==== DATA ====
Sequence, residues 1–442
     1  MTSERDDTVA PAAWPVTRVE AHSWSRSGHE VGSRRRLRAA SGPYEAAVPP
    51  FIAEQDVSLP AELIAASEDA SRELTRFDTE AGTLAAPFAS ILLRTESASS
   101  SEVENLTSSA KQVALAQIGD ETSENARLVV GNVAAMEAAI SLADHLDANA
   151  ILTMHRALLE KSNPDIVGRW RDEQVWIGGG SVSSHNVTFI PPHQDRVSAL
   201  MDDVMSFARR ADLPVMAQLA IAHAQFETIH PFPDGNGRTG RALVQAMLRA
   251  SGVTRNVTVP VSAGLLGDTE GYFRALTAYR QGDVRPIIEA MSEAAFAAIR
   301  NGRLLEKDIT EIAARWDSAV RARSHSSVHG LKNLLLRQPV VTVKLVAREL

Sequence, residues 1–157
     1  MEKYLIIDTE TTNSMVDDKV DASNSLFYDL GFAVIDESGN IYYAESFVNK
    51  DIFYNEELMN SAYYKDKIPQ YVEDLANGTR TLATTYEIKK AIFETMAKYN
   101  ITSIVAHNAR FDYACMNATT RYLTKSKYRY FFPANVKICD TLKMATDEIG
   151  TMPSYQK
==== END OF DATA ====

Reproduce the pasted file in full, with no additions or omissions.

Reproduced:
Sequence, residues 1–442
     1  MTSERDDTVA PAAWPVTRVE AHSWSRSGHE VGSRRRLRAA SGPYEAAVPP
    51  FIAEQDVSLP AELIAASEDA SRELTRFDTE AGTLAAPFAS ILLRTESASS
   101  SEVENLTSSA KQVALAQIGD ETSENARLVV GNVAAMEAAI SLADHLDANA
   151  ILTMHRALLE KSNPDIVGRW RDEQVWIGGG SVSSHNVTFI PPHQDRVSAL
   201  MDDVMSFARR ADLPVMAQLA IAHAQFETIH PFPDGNGRTG RALVQAMLRA
   251  SGVTRNVTVP VSAGLLGDTE GYFRALTAYR QGDVRPIIEA MSEAAFAAIR
   301  NGRLLEKDIT EIAARWDSAV RARSHSSVHG LKNLLLRQPV VTVKLVAREL

Sequence, residues 1–157
     1  MEKYLIIDTE TTNSMVDDKV DASNSLFYDL GFAVIDESGN IYYAESFVNK
    51  DIFYNEELMN SAYYKDKIPQ YVEDLANGTR TLATTYEIKK AIFETMAKYN
   101  ITSIVAHNAR FDYACMNATT RYLTKSKYRY FFPANVKICD TLKMATDEIG
   151  TMPSYQK